Dr. Allen Seward (Robert Francis) is assigned to a western cavalry post where his predecessors had been drunks and slackers. The post doesn't take kindly to him either, especially after he disregards regulations and tends to sick Indians on the malaria-infested reservation. The Indians break away from the reservation to move to a healthier higher ground, and when they join with the Comanches to besiege the fort, Seward is branded as a "woodhawk", the bird that turns against its own. Donna Reed is present as the niece of the post commander; Phil Carey is a cavalry captain that believes the only good Indian is a dead Indian, and May Wynn (who shared a screen debut with Francis in "The Caine Mutiny)is the white girl raised by the Indians and married to the chief's son. Francis would make only two more films before being killed in a 1955 plane crash. Written by
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Better than expected, with a complex script, lots of action (not all well-staged), and even some character development. Francis is fine as the idealistic young doctor whose dedication to his Hippocratic oath is greater than his oath to the army. As a result, he treats hostile Indians as equals, causing trouble for the cavalry when the tribe jumps the reservation. It's hard to tell if Francis's apparent unease is good acting or still a bit of stage fright for a newcomer. But whichever, it fits in perfectly with a tenderfoot trying to get his bearings in unfriendly surroundings.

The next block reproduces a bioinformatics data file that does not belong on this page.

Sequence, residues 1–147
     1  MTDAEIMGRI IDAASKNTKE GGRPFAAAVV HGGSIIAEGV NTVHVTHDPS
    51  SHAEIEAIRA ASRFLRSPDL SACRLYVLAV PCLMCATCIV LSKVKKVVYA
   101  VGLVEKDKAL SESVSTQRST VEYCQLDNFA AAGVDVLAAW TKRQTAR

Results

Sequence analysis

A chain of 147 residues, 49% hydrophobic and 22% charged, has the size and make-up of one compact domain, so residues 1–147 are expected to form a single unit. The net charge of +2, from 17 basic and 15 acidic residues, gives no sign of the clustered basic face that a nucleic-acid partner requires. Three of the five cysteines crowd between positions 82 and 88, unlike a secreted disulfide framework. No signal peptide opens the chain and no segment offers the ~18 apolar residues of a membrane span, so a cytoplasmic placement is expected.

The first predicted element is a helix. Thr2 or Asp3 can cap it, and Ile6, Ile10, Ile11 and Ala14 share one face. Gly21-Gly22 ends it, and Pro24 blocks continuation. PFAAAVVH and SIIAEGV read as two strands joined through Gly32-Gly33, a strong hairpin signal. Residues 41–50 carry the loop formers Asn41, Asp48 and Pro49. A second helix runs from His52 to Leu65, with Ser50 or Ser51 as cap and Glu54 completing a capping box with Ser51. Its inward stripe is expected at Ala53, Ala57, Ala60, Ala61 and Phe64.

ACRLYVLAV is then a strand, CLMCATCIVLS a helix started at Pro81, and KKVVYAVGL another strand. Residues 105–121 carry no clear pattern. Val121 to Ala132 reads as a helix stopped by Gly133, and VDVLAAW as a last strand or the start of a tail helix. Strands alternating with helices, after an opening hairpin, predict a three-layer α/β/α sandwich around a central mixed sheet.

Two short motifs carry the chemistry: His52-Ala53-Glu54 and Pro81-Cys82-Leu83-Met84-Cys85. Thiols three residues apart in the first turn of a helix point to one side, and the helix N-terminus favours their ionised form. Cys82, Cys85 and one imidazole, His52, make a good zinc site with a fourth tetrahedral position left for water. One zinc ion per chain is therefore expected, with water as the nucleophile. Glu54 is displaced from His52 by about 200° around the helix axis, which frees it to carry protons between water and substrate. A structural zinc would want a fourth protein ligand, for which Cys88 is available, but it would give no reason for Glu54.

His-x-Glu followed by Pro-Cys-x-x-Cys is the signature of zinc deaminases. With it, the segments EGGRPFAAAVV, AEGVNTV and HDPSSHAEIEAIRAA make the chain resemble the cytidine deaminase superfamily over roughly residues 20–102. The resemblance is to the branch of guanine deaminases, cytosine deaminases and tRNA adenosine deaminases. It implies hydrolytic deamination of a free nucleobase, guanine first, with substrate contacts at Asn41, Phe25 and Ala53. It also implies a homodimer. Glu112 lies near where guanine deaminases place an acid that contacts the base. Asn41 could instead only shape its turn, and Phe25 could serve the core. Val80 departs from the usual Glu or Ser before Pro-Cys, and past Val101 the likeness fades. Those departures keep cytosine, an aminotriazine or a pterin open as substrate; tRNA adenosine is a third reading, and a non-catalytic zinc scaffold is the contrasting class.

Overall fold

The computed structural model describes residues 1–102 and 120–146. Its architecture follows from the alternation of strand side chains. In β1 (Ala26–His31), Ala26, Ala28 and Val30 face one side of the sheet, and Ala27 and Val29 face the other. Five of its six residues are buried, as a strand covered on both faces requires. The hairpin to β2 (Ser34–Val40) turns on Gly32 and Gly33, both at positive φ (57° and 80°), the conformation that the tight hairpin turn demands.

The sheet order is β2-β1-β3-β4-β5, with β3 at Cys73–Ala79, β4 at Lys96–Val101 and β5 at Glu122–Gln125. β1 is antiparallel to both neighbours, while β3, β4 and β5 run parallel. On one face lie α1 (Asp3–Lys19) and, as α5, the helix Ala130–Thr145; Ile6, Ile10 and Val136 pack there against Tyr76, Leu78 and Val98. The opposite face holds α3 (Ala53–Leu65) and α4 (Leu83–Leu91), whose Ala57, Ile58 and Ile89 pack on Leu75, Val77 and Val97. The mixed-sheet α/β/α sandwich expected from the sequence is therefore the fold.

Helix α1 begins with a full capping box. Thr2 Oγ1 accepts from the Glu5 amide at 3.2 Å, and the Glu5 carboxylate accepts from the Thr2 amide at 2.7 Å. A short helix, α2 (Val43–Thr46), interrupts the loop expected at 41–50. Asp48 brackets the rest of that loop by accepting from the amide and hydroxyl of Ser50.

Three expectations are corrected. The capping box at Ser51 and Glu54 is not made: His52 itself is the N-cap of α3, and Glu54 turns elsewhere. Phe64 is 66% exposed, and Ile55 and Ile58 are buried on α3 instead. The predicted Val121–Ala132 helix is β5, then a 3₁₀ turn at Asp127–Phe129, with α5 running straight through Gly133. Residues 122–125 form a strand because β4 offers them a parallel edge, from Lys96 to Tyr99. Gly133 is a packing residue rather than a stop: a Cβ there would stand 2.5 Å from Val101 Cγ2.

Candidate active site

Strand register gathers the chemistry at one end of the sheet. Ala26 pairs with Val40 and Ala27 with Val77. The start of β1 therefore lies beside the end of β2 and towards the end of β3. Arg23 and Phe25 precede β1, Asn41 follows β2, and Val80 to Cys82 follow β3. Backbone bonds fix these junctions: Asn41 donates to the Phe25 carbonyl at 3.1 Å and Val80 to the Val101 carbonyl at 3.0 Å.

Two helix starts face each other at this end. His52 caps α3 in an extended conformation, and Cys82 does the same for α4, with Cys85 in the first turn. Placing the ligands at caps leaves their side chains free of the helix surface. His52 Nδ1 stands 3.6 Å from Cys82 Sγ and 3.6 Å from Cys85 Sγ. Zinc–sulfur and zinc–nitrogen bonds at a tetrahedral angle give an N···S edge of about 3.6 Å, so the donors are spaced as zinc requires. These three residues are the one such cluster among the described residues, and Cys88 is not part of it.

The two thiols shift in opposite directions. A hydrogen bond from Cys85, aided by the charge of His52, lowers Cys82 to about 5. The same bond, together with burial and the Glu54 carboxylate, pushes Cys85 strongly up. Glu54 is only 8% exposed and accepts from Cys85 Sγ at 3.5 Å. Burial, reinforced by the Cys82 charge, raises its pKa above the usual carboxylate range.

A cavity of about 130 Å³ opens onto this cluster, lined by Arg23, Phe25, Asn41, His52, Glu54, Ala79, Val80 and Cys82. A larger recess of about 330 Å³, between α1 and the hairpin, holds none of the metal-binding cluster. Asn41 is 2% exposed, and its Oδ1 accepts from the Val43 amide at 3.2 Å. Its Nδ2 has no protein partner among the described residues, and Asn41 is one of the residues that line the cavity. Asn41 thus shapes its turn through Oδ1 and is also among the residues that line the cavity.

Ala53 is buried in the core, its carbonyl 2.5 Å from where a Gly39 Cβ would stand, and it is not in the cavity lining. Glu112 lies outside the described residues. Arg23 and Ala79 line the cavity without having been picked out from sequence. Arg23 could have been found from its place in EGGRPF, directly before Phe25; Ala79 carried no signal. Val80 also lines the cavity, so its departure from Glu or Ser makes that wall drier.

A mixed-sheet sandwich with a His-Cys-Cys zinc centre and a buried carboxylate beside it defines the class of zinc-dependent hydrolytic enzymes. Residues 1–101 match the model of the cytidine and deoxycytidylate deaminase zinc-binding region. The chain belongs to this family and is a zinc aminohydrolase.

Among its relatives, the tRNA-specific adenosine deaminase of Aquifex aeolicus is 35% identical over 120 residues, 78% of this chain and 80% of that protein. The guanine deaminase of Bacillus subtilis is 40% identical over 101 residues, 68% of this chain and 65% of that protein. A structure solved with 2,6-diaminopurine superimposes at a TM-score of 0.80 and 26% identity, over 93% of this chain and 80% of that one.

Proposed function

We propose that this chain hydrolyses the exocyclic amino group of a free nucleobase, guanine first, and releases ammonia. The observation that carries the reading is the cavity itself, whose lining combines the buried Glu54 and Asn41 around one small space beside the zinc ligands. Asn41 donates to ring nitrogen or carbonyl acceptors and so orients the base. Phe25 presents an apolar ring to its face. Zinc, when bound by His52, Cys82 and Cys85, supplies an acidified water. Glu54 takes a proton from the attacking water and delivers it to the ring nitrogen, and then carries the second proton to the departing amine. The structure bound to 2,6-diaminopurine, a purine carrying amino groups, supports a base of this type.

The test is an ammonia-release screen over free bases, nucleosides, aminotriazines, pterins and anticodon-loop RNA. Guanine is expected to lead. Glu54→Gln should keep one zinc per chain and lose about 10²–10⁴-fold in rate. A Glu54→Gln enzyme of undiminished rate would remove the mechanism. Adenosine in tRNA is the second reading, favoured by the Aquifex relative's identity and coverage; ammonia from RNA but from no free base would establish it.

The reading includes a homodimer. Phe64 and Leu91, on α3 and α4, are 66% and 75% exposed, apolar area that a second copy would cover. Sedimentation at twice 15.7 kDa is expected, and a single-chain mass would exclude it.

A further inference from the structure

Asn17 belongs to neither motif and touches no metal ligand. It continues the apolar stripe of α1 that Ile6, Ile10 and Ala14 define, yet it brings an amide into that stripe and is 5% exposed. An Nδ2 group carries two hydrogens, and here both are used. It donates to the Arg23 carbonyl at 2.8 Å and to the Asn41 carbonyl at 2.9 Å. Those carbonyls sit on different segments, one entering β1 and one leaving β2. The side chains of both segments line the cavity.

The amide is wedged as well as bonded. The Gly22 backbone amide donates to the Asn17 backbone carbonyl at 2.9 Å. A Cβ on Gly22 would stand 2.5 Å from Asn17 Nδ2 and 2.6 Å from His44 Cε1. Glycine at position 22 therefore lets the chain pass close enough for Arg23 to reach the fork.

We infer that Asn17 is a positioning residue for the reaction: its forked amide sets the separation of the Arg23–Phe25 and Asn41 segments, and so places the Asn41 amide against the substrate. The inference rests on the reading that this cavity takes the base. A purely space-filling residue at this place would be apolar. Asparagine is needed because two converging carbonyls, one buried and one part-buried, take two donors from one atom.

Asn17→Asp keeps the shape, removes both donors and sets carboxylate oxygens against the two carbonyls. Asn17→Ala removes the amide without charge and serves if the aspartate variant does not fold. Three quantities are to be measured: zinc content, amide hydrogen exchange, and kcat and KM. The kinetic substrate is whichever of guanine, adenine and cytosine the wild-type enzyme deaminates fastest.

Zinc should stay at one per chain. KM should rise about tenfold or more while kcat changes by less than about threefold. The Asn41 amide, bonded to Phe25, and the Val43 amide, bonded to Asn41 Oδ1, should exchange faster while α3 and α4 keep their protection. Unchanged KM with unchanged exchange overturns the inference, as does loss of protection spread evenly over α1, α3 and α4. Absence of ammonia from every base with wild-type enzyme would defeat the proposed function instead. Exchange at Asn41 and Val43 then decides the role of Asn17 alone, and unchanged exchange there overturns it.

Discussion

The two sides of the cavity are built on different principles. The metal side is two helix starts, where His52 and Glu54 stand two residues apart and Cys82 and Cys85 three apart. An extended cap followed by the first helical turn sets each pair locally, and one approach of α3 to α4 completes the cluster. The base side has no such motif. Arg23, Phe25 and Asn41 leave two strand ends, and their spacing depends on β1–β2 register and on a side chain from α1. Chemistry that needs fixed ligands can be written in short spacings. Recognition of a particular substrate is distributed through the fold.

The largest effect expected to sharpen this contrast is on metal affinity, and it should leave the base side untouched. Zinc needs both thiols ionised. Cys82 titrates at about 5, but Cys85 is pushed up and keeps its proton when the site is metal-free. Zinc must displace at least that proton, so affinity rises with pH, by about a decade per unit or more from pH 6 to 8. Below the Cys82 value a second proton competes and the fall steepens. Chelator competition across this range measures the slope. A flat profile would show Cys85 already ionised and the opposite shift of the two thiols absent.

At first I thought Donna Reed's super-coy little flirt was nothing more than star-casting that would ruin the movie. But the script deals intelligently with her development as the plot darkens. Carey's excellent as the no-nonsense Captain, who's the realist counterpoint to the doctor's idealism. Note how he's never treated with disrespect even though some of his decisions seem ethically callous. Too bad, however, the writers included the tiresome cliché of a whiskey- loving sergeant as comedy relief. Nonetheless, director Karlson, who would later excel at crime dramas, keeps things moving, and wonder of wonders, even has the Indians shrewdly shooting horses out from under the cavalry.
The movie's theme reflects the growing racial consciousness of the 1950's. I like the way a bond is established between the doctor and the medicine man in their common human concern with healing. But just as importantly, the screenplay manages to make its point without getting preachy. Sure, the production is low-budget, never getting out of greater LA, with an Indian encampment that looks about as real as a Disneyland tableau. Still, it's a thoughtful and generally well-executed little horse opera that's better than it ought to be.
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